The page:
I didn’t know it was abuse…

Abuse is a word that shouldn’t be flippantly thrown around, so I’ve never considered myself an abuse victim. That is, until I became more aware of spiritual abuse. It was when I finally stepped out of and away from the church that I was able to see things from the outside looking in, and I didn’t like what I saw. I didn’t like having to face the way I was made to feel. I didn’t like having to admit that I was a victim of spiritual abuse.

My gifts and talents of teaching and leading were never utilized in the church, no matter how much I begged to be used; because I’m a female, and females must stay in their places and set roles.
I didn’t know that was abuse.

My voice was silenced every time I tried to speak up about the issue of the inequality and oppression of women in the church.
I didn’t know that was abuse.

I was told that it was “my fault” that the other church members didn’t like me and didn’t want to be around me, because I dared to challenge the views of the church leadership.
I didn’t know that was abuse.

I was told that I was the cause of disunity, division, and strife in the church; because I was constantly trying to hold discussions about the inequality present in the church.
I didn’t know that was abuse.

The church hated me when I dared to correct the pastor when he used his pulpit as a platform to misrepresent and trash egalitarian theology. One male individual from the church even sent me nasty messages on Facebook that called me names, insulted me in every way, and even threatened to “find me” the next time I showed up for service.
I didn’t know that was abuse.

I thought I had an opportunity to discuss gender theology with the pastor one day, but about 15 minutes into the conversation, I was yelled at and commanded to get out of his office.
I didn’t know that was abuse.

After sending the pastor an email with the intention of trying to understand a theological point about marriage and gender roles that was said in his sermon, the reply I received back simply said, “I’m not going to discuss this with you,” but that was followed by several paragraphs of personal attacks against my character and explanations as to why I wasn’t liked in the church.
I didn’t know that was abuse.

Even after going to college for an undergraduate degree in Theology and continuing on to the Master of Divinity program, I was not allowed to openly voice my theological views and opinions; especially if they were contradictory to that of the church leaders. If I did, both church leadership and lay people were ready to rip my head off. When I would explain that I had the knowledge and credentials to adequately speak to an issue, the males with the higher education degrees were the first to tell me that “degrees don’t matter.”
I didn’t know that was abuse.

After quite a few comments “suggesting” to me that I leave the church, I finally left–and I left church altogether. Lately I’ve been on the outside looking in, and what I see is theology and practices and attitudes that are harming real people–people like me. I’ve had to take a good look in my spiritual mirror. What I see are bruises, wounds, and scars. There’s a lot of hurt and bitterness. This is all going to take some time to heal. Why did I let all of this spiritual abuse go on for so long? Because I didn’t know that it was abuse. I didn’t realize that I was being abused, but abuse is exactly what it was.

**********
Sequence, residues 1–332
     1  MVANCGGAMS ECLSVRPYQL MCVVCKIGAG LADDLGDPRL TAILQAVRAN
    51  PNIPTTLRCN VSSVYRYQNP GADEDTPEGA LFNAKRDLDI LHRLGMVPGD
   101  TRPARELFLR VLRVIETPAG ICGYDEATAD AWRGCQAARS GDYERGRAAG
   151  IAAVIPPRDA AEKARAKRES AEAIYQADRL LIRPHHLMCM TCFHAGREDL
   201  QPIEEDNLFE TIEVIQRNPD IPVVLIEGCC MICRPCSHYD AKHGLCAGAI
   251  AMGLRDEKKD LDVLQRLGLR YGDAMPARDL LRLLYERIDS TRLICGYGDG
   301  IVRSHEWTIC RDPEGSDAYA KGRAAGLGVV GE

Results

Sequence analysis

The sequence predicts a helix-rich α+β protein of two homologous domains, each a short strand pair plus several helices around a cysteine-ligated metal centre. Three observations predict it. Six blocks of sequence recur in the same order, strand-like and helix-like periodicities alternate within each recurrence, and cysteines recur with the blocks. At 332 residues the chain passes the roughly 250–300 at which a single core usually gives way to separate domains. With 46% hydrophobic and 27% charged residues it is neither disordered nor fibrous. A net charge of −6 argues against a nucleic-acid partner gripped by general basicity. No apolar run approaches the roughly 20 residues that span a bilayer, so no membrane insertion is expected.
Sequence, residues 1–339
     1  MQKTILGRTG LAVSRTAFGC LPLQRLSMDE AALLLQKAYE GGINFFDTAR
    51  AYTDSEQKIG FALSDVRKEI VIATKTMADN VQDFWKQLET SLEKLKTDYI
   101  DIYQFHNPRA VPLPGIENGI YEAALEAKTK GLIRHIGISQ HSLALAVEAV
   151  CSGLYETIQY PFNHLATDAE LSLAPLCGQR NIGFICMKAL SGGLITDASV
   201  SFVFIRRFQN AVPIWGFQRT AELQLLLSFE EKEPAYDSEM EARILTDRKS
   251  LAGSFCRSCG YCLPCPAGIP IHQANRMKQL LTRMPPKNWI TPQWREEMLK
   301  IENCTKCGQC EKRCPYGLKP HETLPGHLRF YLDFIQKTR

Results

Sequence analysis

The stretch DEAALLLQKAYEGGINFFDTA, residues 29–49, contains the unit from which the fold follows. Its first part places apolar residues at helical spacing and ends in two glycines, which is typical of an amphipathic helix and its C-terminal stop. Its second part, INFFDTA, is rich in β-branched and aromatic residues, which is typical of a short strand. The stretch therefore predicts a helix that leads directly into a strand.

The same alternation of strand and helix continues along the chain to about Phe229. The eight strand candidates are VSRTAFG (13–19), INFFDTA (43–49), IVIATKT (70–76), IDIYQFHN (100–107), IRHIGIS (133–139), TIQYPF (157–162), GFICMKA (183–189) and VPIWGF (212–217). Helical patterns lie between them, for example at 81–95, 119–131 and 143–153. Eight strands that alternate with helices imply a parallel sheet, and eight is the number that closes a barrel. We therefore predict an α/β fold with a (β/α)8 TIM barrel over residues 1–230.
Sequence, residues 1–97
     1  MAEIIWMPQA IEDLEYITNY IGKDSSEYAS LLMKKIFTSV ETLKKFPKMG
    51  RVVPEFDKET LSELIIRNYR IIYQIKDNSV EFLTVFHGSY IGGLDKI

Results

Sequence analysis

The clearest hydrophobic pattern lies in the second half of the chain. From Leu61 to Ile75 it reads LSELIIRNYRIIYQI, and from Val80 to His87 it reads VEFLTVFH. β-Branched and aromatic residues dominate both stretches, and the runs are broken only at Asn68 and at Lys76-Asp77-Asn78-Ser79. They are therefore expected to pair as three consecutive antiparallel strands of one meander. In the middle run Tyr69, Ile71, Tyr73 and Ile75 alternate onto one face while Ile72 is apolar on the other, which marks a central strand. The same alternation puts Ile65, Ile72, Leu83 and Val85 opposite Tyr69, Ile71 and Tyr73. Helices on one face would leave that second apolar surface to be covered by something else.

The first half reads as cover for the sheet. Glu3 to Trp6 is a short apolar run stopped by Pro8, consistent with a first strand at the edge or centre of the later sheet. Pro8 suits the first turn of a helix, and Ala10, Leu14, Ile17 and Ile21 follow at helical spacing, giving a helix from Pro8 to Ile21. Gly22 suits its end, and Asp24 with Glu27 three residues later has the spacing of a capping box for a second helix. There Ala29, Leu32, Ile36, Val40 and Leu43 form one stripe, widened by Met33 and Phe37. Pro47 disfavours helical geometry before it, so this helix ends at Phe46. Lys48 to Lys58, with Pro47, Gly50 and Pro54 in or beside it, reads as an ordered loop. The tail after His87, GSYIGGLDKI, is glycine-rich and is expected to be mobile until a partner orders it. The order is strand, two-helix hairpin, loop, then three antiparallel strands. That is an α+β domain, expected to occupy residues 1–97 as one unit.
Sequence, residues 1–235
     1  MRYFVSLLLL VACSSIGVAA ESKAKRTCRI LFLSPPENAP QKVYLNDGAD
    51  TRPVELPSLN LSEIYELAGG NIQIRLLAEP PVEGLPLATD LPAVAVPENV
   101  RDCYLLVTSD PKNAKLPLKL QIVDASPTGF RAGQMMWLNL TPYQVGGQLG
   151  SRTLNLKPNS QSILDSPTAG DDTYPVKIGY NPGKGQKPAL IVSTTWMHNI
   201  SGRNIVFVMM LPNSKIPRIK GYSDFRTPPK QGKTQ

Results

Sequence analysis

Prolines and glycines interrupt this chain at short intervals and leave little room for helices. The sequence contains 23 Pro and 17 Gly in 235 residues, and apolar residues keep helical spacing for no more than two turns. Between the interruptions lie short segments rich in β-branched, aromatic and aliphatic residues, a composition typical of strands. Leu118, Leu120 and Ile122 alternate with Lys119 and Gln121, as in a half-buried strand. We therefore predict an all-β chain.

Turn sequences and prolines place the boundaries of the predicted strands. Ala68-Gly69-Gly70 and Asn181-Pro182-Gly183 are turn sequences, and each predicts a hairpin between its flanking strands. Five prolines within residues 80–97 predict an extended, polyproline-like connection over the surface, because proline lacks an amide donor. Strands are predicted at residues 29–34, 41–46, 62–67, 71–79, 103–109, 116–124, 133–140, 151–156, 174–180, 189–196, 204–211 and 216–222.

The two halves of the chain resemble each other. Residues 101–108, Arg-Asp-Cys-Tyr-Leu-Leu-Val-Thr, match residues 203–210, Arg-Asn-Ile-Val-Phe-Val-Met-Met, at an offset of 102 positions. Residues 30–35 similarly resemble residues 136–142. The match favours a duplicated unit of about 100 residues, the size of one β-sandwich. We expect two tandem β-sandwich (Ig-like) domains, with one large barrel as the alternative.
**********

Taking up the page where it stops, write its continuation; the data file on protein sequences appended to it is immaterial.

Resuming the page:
5 thoughts on “I didn’t know it was abuse…

  1. Neither I or my really husband fit in any church because he supported my teaching and preaching calling. Then we found Glory of Zion in Corinth, Tx. It meant moving 1,100 miles away from family but 6 months ago we made the move. They have streaming services for those too far away to attend and feel disenfranchised from the body of Christ. http://www.glory-of-zion.org
    Hope this helps! We have many women speakers at our conferences. You can listen to prophet Jane Hanson in media replays tonight at the above website. you can also,attend,streaming video tomorrow morning 8am central time
    Be encouraged, and move on!
    Julie

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  2. Thank you so much for sharing this. I have seen and experienced abuse and injustice in the church. I have tried to speak out, too, at times, only to be silenced. Here’s the thing…if you are in a church, you really have two choices…either play by their rules or leave. Getting them to change the rules doesn’t work.
    I have not gone to a church regularly for quite some time. I tell God that I will go anywhere He wants me to go, but He tells me to spend my Sundays with Him, so that’s what I do.
    I believe God has a plan. Oh, many churches will still carry on the same way, but God is raising up and will continue to raise up communities, gatherings and churches where justice, equality, love, and respect are present.
    Lord, please bring one to where I am soon!

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  3. Thank you so very much for sharing this. Oh how you speak my heart. It grieves my heart deeply to see the church in such disrepair. In such a state that I, and those who dont know Christ may just be safer on the outside. This ought not be. I pray for courage to be as bold as you. And to not shy away from these difficult situations. Praise God for you and your heart! God bless!

    Liked by 1 person

    1. Awe, thank you! This is the sweetest thing I’ve read all day!
      And, remember, Scripture says “be bold and courageous…for the LORD goes before you.” God bless!

      Like

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